OCT 16, 2013 12:00 PM PDT

Fast-Tracking Molecular Diagnostics in Oncology via Antibody-Based Proteomics and Digital Pathology

Speakers
  • Associate Professor of Cancer Biology, University College Dublin School of Biomolecular & Biomedical Science
    Biography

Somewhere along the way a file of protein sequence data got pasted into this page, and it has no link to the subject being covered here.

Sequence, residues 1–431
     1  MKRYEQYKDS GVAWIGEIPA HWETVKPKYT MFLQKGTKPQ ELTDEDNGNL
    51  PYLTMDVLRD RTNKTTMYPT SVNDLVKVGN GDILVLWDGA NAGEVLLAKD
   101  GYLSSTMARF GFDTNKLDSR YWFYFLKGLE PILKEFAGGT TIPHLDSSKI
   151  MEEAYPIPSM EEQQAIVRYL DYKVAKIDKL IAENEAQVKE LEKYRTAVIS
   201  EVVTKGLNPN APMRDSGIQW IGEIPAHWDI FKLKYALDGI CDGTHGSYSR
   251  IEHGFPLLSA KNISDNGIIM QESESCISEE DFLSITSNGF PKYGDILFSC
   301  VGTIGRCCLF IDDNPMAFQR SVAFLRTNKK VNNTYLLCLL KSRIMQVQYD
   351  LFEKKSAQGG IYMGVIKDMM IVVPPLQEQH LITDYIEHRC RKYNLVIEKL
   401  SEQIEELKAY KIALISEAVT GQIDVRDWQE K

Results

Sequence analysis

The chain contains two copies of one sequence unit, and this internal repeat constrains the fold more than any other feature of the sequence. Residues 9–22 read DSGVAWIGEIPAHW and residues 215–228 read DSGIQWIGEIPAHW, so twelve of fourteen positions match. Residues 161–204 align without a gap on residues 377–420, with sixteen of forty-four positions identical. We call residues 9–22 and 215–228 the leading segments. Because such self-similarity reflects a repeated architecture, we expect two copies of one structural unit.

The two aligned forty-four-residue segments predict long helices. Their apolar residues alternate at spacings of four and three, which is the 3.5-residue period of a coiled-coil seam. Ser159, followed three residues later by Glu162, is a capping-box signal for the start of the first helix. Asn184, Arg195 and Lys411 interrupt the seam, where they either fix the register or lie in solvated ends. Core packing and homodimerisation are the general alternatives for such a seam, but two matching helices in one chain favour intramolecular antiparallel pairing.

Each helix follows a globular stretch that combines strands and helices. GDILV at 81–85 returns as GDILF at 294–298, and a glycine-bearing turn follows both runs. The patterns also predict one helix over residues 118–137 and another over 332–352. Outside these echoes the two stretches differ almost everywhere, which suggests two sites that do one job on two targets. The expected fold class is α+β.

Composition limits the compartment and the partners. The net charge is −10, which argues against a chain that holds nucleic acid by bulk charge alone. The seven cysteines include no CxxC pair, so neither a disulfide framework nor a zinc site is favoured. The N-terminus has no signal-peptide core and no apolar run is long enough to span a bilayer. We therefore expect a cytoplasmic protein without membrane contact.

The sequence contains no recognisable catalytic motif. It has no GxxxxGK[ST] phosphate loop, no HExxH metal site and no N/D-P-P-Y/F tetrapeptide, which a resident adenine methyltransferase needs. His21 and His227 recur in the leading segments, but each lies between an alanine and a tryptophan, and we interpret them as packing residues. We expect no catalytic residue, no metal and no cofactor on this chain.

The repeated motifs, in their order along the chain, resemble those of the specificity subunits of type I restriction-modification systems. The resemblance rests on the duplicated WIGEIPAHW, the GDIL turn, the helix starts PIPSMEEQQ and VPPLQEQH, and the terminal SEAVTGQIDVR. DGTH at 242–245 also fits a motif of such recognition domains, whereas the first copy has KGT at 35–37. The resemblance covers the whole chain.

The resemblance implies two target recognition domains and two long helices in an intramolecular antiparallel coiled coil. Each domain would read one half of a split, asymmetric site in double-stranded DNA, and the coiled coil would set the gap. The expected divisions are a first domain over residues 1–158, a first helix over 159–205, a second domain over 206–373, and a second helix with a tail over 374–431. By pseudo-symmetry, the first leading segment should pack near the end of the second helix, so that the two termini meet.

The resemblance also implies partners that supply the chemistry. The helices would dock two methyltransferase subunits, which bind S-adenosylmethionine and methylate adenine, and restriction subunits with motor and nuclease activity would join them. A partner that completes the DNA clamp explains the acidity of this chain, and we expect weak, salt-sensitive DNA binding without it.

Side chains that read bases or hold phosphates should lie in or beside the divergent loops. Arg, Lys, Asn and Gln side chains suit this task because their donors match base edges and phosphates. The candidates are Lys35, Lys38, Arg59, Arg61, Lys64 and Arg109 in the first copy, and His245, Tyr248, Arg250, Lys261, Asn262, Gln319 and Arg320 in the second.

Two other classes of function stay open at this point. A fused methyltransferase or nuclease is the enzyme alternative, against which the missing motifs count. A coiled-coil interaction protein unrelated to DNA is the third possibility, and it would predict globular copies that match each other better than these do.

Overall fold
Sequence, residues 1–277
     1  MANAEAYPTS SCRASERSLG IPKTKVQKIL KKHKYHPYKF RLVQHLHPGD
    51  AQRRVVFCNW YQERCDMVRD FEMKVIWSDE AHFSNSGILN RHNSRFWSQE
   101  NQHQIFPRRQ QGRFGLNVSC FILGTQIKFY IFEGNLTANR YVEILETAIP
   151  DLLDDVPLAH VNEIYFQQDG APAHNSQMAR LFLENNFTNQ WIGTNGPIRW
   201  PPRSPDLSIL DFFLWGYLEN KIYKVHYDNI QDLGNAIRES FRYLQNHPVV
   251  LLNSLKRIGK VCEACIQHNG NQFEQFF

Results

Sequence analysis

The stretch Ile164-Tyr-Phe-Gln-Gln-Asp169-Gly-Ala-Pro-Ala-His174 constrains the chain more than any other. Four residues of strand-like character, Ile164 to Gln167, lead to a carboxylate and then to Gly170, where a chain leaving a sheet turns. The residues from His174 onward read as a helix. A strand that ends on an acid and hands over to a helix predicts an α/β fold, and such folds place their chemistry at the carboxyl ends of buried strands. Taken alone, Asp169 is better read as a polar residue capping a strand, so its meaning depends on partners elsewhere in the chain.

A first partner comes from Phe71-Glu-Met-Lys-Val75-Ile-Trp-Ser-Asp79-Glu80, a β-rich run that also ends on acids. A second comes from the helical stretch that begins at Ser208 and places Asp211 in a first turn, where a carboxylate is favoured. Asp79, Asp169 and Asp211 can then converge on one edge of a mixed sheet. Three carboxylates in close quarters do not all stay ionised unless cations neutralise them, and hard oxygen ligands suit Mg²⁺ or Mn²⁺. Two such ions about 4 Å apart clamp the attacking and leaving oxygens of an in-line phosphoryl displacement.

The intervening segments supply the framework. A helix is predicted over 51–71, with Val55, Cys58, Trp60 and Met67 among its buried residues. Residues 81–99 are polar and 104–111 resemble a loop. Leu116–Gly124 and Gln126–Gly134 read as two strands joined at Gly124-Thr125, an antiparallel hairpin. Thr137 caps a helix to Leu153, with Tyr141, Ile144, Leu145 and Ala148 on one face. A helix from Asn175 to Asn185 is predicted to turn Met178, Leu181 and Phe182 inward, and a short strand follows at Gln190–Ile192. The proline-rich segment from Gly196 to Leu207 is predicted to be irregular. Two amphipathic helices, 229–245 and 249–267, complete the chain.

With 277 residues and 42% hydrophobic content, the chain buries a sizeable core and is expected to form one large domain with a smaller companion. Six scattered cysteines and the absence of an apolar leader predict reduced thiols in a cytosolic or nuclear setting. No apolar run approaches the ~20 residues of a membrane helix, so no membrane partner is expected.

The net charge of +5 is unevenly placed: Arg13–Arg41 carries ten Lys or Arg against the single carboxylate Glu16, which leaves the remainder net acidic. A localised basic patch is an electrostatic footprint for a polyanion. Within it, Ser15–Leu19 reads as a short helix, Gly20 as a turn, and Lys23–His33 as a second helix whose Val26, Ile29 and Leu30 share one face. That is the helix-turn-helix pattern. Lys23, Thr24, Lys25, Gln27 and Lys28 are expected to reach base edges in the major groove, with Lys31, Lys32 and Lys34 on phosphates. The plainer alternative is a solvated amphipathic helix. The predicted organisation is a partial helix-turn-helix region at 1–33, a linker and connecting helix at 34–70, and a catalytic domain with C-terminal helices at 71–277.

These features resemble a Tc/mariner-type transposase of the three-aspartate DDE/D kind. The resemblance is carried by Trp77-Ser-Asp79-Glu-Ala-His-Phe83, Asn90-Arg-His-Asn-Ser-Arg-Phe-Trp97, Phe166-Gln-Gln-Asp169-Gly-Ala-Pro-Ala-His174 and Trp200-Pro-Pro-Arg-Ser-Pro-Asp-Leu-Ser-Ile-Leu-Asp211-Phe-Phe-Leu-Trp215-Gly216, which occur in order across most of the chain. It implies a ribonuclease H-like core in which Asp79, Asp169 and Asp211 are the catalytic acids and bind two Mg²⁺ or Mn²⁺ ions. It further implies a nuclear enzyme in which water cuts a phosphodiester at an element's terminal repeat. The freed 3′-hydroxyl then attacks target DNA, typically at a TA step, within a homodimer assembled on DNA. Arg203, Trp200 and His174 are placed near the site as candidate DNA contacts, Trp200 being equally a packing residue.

Prof. Gallagher originally graduated from the Department of Biochemistry, UCD in 1993 with a 1st Class Joint Honours degree in Molecular Genetics and Biochemistry. Subsequently, he obtained a PhD in Molecular Oncology from the Cancer Research UK Beatson Laboratories in Glasgow. In 1997, he moved to Paris to undertake a Marie Curie Individual Fellowship at Rhone-Poulenc Rorer (currently Sanofi-Aventis). Afterwards, he returned to Ireland upon receipt of an Enterprise Ireland Post-Doctoral Fellowship (1999-2000) and, subsequently, a Marie Curie Return Fellowship (20002001). In 2001, he was employed in a permanent capacity as College Lecturer at UCD within the former Department of Pharmacology. In 2005, he was appointed Senior Lecturer within the UCD School of Biomolecular and Biomedical Science and was promoted to Associate Professor of Cancer Biology in 2006. From September 2009-August 2011, Prof. Gallagher was the Vice-Principal of Research and Innovation at the UCD College of Life Sciences. He is also a Conway Fellow at the UCD Conway Institute. In 2007, he co-founded OncoMark Ltd., which is a private company centred on the development and application of biomarker panels and associated technologies, on both tissues and biological fluids (www.oncomark.com). Prof. Gallagher is currently the Chief Scientific Officer (CSO) at OncoMark. A major focus of Prof. Gallaghers research work is the identification and validation of candidate biomarkers of breast cancer and melanoma, with particular emphasis on translation of transcriptomic and proteomic datasets into clinically relevant assays. In addition, his team utilises lentiviral-based approaches to investigate the functional relevance of candidate tumour progression-associated genes at both in vitro and in vivo levels, as well as engages in preclinical evaluation of novel anti-cancer agents. Prof. Gallagher previously co-ordinated an FP6 Marie Curie Transfer of Knowledge Industry-Academia Partnership Programme, Target-Breast (www.targetbreast.com), which involved 3 academic and 2 industrial partners across 3 EU countries (which ran from Feb 2006-2010). He currently co-ordinates two analogous FP7 Marie Curie Industry-Academia Partnership and Pathways Programmes, (1) Target-Melanoma, which is focused on identification and validation of novel molecular determinants of melanoma progression [this programme involves 7 partners (5 academic/2 industrial) across 5 EU countries and runs from 2009-2013] and (2) FAST-PATH, which is focused on applying high-performance computing and automated image analysis to fast-track pathological assessment in prostate cancer [this programme involves 6 partners (4 academic/2 industrial) across 3 EU countries and runs from 2011-2015]. Prof. Gallagher is also co-PI and Deputy Co-ordinator of a major Science Foundation Ireland-funded Strategic Research Cluster, Molecular Therapeutics of Cancer (2009-2014) (www.mtci.ie); this is the most extensive research programme in the translational cancer research arena within the Republic of Ireland and involves comprehensive interactions with a range of major pharmaceutical, biotechnology and imaging companies. He is also co-ordinator of a large-scale FP7 collaborative project, entitled RATHER, which is focused on providing new rationalised therapy options for difficult-to-treat breast cancer subtypes (2011-2015). This multi-million euro project involves 6 academic groups and 2 industrial parties across 5 EU countries. His research group is also involved in several other FP7 research programmes as partners, including AngioTox and AngioPredict. Prof. Gallagher has received a number of awards based on his research work to date, including the BACR/AstraZeneca Young Scientist Frank Rose Award in 2004, the St. Lukes Silver Medal Award in 2008 and the NovaUCD 2011 Innovation Award. Prof. Gallagher has had productive collaborative interactions with a variety of other industrial partners throughout his research, and has filed/been awarded multiple patents.